NFL Playoffs, the Super Bowl

Rex Ryan vs. the New England Cyborg-Team
The stadium scene.
Jan. 17 2011 1:04 PM

NFL Playoffs, the Super Bowl

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Tom Brady #12 of the New England Patriots. Click image to expand.
The Patriots' Tom Brady

Poor Cory Redding. The Ravens lineman scored his first career touchdown and barely had a video highlight to prove it. See, grandkids? Here's me running the ball in against the Steelers—no, wait, right there, behind where Terrell Suggs is flexing to celebrate the sack, see? That white blur, going right to left. That was part of my shirt. No, really. Come back, kids!

Luckily for Redding, the network eventually found the one camera, high up to the side, that had not decided—along with 21 top-flight professional football players—to ignore the football. So by the fourth or fifth replay of the touchdown, it was possible to see what had happened. And unluckily for the Ravens, the Steelers were immune to embarrassment or panic. In the first half, bumbling Ben Roethlisberger helped stake the Ravens to a 21-7 lead; in the second half, unflappable Ben Roethlisberger brought the Steelers back and then, with a little less than four minutes left in a tie game, announced to the huddle that he was going to go downfield and win the thing.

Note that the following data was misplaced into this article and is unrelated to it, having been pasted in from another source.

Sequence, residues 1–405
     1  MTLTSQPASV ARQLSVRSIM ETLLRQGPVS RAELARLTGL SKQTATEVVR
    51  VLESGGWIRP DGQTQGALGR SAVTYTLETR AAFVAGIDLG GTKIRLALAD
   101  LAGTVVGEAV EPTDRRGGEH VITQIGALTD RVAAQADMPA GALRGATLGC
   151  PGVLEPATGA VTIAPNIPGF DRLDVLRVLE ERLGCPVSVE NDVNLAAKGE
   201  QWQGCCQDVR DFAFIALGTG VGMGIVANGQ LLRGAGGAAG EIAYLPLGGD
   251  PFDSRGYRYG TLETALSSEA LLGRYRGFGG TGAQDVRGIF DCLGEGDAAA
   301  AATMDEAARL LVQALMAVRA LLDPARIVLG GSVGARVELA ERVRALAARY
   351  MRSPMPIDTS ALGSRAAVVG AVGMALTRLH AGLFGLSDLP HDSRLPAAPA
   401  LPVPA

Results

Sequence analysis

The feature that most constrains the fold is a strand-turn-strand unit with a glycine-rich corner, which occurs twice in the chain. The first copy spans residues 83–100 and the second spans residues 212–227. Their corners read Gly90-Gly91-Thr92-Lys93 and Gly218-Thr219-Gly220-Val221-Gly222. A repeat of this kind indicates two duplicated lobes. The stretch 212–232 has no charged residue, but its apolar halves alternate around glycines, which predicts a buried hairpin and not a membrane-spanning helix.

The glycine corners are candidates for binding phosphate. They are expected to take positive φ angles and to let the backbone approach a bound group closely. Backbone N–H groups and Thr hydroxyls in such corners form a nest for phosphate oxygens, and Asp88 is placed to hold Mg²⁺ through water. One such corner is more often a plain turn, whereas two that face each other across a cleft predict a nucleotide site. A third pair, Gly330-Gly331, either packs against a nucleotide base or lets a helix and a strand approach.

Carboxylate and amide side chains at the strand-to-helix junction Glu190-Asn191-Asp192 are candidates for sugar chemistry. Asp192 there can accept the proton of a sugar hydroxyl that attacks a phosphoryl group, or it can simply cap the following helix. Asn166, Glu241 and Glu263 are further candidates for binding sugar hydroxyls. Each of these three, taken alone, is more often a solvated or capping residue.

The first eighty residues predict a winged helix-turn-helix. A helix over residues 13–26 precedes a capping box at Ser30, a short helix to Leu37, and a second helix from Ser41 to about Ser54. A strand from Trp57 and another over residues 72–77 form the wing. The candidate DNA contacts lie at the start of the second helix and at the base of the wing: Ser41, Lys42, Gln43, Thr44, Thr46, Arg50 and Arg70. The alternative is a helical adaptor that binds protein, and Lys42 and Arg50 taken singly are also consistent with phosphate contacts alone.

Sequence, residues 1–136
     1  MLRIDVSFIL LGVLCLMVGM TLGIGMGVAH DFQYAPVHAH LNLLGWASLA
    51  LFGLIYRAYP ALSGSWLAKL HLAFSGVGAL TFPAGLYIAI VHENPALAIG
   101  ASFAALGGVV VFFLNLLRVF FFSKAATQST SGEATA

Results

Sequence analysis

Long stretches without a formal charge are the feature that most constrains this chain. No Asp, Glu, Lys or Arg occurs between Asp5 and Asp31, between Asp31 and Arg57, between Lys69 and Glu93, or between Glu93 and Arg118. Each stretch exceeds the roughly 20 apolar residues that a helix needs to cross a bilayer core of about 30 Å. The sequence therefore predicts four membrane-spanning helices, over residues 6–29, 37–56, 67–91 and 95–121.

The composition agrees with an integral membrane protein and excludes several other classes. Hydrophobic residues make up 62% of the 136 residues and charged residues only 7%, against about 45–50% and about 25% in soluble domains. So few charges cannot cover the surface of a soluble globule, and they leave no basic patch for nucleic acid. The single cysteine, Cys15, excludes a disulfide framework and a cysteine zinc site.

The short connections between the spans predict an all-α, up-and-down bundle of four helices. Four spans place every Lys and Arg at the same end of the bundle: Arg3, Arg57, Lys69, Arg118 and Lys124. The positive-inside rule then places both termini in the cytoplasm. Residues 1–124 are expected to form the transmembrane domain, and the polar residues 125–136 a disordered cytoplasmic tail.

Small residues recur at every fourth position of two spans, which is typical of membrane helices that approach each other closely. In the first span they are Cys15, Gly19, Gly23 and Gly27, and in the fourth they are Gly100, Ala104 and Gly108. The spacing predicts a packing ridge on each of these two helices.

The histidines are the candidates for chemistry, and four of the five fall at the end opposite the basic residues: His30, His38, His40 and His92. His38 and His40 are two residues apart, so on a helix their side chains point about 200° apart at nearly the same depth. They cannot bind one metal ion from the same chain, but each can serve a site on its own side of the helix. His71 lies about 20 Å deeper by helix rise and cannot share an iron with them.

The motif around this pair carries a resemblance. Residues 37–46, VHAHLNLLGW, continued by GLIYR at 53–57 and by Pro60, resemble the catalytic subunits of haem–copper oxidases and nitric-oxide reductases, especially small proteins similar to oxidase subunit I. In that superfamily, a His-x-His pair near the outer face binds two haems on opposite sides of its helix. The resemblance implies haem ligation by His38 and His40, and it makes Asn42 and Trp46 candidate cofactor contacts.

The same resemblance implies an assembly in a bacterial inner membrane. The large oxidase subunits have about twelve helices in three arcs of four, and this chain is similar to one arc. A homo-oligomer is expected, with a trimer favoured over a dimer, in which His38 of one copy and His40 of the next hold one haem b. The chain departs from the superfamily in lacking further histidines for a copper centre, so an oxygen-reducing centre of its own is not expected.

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And so he did, in his usual beefy, implacable manner. It's hard not to wonder, given Roethlisberger's ever-lengthier history of off-field destructiveness (self- and other-), if the tau proteins aren't already hardening in his brain. His habit of greeting teammates by knocking helmets together instead of slapping hands can't help. But when it comes to the job of moving a football toward pay dirt—whether by bulling it a yard and a half to the sticks on a third-and-short keeper or by heaving it 50 yards in the air—Roethlisberger is the most useful kind of stupid: too dumb to doubt himself.